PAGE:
The west Walian’s career earnings of £1.2m would again inspire large numbers of young Welsh hopefuls to fill the snooker halls of Wales in search of fame and fortune on the baize. Indeed, Griffiths would go on to become a successful coach of young talent himself in later years.
Griffiths, known for his slow, cautious, yet elegant style of play, achieved the notable feat of reaching at least the quarter-finals of the World Championship for nine consecutive years from 1984 to 1992. He also won the Masters in 1980 and the UK Championship in 1982, making him one of only 11 players to have completed snooker’s ‘Triple Crown’.
In the same year as he became world champion, he was part of the Welsh team that won the inaugural World Cup of snooker; Reardon, Mountjoy and Griffiths defeating England 14–3 in the final.
Unusually for a snooker player, Griffiths retired whilst still inside the top 32 and 23rd in the rankings, despite only entering the 1997 World Championship qualifiers in his final season as a professional. He won his qualifying match to play in the main tournament at The Crucible one last time, where he lost in the first round to fellow countryman and debutant Mark Williams, in another final-frame decider, 9–10. During his professional snooker career, Griffiths played a total of 999 frames at The Crucible.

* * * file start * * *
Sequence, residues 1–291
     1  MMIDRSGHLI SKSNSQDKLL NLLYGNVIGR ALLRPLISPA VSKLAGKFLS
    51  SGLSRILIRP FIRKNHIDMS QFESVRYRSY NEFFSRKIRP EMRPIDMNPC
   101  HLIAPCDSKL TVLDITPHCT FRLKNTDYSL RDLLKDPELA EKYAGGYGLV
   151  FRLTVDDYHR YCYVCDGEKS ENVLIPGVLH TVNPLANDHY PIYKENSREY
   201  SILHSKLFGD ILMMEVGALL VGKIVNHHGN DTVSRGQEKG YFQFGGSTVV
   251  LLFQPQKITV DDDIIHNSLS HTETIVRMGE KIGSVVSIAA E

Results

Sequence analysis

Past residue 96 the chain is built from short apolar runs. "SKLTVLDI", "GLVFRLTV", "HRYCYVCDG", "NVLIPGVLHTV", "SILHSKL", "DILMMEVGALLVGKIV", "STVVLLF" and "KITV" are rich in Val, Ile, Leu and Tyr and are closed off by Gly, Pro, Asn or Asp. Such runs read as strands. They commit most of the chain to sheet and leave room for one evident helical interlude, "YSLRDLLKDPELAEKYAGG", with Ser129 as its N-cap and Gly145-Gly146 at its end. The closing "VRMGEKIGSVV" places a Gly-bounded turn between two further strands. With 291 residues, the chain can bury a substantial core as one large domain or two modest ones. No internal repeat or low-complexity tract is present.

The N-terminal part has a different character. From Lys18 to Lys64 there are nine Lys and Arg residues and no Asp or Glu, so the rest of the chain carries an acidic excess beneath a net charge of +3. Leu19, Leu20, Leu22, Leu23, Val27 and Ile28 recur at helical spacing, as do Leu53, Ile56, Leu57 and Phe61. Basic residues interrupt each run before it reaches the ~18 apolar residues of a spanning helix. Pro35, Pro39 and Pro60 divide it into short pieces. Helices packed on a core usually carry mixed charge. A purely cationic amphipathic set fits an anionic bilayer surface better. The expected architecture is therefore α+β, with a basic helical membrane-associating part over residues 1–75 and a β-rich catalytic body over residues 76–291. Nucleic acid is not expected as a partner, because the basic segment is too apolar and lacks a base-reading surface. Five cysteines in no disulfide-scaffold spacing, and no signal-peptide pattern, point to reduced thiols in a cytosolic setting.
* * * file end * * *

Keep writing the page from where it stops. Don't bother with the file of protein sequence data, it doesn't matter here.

Griffiths became well known as a coach and coached many top players, including Williams, Marco Fu, Mark Allen, Ali Carter, Joe Perry, Barry Hawkins, Ding Junhui, Stephen Hendry and Stephen Maguire. He has also been a frequent commentator on snooker for the BBC and was rewarded for his services to snooker with an OBE in the Queen’s Birthday Honours of 2007.
Williams, born in Cwm, near Ebbw Vale, earned the nickname ‘The Welsh Potting Machine’ as he became a three-time world champion, in 2000, 2003 and 2018 and held the world number one ranking for a total of three seasons in his career.
In the 2002/2003 season, he held all three other BBC-televised titles simultaneously with the World Championship. He was World runner-up to Hendry in 1999, has achieved the maximum 147 break on two occasions and boasts career earnings in excess of £5.6m.
The first left-handed player to win the World Championship, Williams has won an impressive 21 ranking tournaments, including the UK Championship twice, in 1999 and 2002. He has also won the Masters on two occasions, in 1998 and 2003. As a prolific break-builder, Williams has compiled more than 400 century breaks during his career.